Book Review: Apeirogon by Colum McCann

Apeirogon by Colum McCann is an extraordinary book, it’s different in narrative and structure, yet poignant and able to make its point.

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Fun Facts Friday: William Congreve

Mr. Congreve went to Kilkenny College meeting Jonathan Swift

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Book Review: The Unexpected Spy by Tracy Walder and Jessica Anya Blau

This memoir by Tracy Walder nee Tracy Schandler tells of her time in the Central Intelligence Agency (CIA), which recruited her right out of college. Ms. Schandler worked in counterterrorism after the September 11 terrorist attack on the World Trade Center and the insights she gives about the work her and her fellow patriots did at the CIA before and after.

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Book Review: Comanche by Brett Riely

There is lots of good banter, sometimes you can’t tell if the character is saying, thinking, or just gesturing (oh, you) but the author gets the feeling across efficiently and quickly which makes the reading much more pleasurable.

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Fun Facts Friday: Benjamin Franklin

January 17 is the birthday of one of the most famous man in American History, Benjamin Franklin ( 17 January, 1706 – 17 April, 1790). I read Benjamin Franklin’s Biography by Walter Isaacson a few years ago and it is, to this day, a favorite of mine. Many people know that Mr. Franklin was a […]

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Book Review: Grunt by Mary Roach

About: Grunt: The Curious Science of Humans at War by Mary Roach is a nonfiction book which tackles subjects that challenge soldiers’ daily life, but are rarely thought about (unless it’s you wearing the uniform).  Ms. Roach, an award winning author, is known for her books which combine science and journalism. 288 pages Publisher: W. […]

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Book Review: Shorefall by Robert Jackson Bennett

The sequel expands not only on world building, societies, and technologies, but also questions what the author created. He explorers the reality of politics, faith, and of course the humanity of his characters.

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Fun Facts Friday: Robinson Jeffers

Mr. Jeffers attended schools in Switzerland, Germany, and France and was fluent in three languages (English, French, and German) by the time he was 12 years old.

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Fun Facts Friday: J. R. R. Tolkien

Fun Facts Friday: J. R. R. Tolkien

Today he might be known for his work in fiction, but that was his side job. Even today Mr. Tolkien is considered to be one of the most renowned medieval scholars of all time, his publications are still considered a must in libraries.

Book Review: Edison by Edmund Morris

Book Review: Edison by Edmund Morris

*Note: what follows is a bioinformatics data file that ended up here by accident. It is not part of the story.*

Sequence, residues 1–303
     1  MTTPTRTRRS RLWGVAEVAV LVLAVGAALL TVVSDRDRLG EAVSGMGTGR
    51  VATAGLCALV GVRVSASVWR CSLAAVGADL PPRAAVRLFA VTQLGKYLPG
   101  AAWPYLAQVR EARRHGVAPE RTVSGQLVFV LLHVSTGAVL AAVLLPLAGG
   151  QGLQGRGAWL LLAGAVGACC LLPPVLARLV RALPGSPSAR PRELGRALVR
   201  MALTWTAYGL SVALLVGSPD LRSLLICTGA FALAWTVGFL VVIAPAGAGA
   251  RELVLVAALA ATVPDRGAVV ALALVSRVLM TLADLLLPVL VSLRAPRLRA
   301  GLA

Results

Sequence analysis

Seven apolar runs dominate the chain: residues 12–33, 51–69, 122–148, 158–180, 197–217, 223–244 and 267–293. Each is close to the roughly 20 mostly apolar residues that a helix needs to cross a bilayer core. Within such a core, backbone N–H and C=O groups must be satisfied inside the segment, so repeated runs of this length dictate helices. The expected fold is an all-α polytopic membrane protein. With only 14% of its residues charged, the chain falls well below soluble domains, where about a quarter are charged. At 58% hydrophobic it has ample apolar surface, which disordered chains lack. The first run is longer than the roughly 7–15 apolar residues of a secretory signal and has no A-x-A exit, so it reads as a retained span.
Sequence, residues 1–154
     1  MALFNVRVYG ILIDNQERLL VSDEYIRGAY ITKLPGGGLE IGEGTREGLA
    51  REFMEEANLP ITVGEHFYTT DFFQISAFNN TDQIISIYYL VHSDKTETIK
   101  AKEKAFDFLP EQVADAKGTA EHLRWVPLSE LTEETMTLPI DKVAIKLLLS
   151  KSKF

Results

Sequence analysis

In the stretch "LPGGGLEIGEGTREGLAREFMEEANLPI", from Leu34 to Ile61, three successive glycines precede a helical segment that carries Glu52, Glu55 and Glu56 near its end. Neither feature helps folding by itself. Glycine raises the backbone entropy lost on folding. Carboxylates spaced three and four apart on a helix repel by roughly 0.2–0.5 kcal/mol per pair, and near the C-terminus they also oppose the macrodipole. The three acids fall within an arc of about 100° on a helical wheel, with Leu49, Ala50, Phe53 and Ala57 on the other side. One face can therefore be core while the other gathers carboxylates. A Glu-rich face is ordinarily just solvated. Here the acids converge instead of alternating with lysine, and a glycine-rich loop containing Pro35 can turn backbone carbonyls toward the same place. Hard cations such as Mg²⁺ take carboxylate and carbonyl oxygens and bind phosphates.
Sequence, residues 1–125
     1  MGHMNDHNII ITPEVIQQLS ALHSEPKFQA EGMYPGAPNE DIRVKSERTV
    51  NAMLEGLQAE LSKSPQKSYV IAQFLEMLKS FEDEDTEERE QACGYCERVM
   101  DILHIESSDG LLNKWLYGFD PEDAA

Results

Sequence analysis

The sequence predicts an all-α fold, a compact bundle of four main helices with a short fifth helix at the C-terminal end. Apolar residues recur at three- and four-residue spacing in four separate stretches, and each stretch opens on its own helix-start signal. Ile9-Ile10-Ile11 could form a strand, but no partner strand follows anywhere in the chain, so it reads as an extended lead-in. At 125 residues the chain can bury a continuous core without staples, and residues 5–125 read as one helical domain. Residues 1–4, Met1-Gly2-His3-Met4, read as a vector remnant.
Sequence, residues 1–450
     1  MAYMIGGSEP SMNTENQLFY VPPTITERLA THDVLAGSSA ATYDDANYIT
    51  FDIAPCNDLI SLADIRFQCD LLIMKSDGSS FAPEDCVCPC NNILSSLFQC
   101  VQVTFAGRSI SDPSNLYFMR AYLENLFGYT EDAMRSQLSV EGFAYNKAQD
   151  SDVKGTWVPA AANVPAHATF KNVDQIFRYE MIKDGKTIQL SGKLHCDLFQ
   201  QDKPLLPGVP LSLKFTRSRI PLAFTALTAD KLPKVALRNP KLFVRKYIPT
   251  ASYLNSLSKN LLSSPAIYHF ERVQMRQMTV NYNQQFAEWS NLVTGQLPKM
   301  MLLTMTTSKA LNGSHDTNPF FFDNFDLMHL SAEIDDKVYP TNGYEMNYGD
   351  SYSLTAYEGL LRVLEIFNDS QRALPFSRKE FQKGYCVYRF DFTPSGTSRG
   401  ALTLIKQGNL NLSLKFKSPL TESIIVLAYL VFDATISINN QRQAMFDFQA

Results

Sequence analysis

“The cold he could stand with multiple layers of underwear, and the darkness he would one day do something about.”

Guest Post: Easy Ways to Transition from Writer to Published Author

Guest Post: Easy Ways to Transition from Writer to Published Author

Writing is wonderful, especially when your work is praised and appreciated. However, even though there are not so many differences between blogging, writing for magazines or blogs, it comes with sacrifices and obstacles to overcome. Making the transition from writer to published author comes with a lot of work, perseverance, and commitment. You need to […]

Fun Facts Friday: Louis Bromfield

Fun Facts Friday: Louis Bromfield

The Green Bay Tree, his first novel, was an instant hit. In 1927 Mr. Bromfield won the Pulitzer Prize for his novel Early Autumn. In fact, all of his books, thirty in all, were best sellers and several were made into movies.

Book Review: A Die Hard Christmas: The Illustrated Holiday Classic by Doogie Horner

Book Review: A Die Hard Christmas: The Illustrated Holiday Classic by Doogie Horner

The artwork is great, second only to the wonderful wit and rhymes

Book Review: Eyewitness by Vladimir Pozner

Book Review: Eyewitness by Vladimir Pozner

The leaders of the coup was lead by hard line members of the Russian Communist Party who opposed the reforms Mr. Gorbachev was trying to implement. The coup was opposed by a short and effective campaign led by Boris Yeltsin, and after two days Gorbachev was back in power.

Fun Facts Friday: T.F. Powys

Fun Facts Friday: T.F. Powys

His first work, The Soliloquy of a Hermit, is a non-fiction book. The work is only 143, without chapters or sections. Each paragraph can be read independently, which showed the author as an unorthodox thinker

Book Review: The Ten Thousand Doors of January by Alex E. Harrow

Book Review: The Ten Thousand Doors of January by Alex E. Harrow

I enjoyed the narrative and the descriptive language very much, while the pacing is a bit slow I do appreciate the author taking her time to tell a good story.

Book Review: Gods and Generals by Jeff Shaara

Book Review: Gods and Generals by Jeff Shaara

Mr. Shaara chronicles the early successes of the Southern army, experiencing victories which dominated the landscape and headlines.

Fun Facts Friday: Heinrich Heine

Fun Facts Friday: Heinrich Heine

In 1831 Mr. Heine visited Paris and settled there. Paris had the cultural richness that he couldn’t get in the small towns in Germany. He soon became a celebrity in the whole of France.

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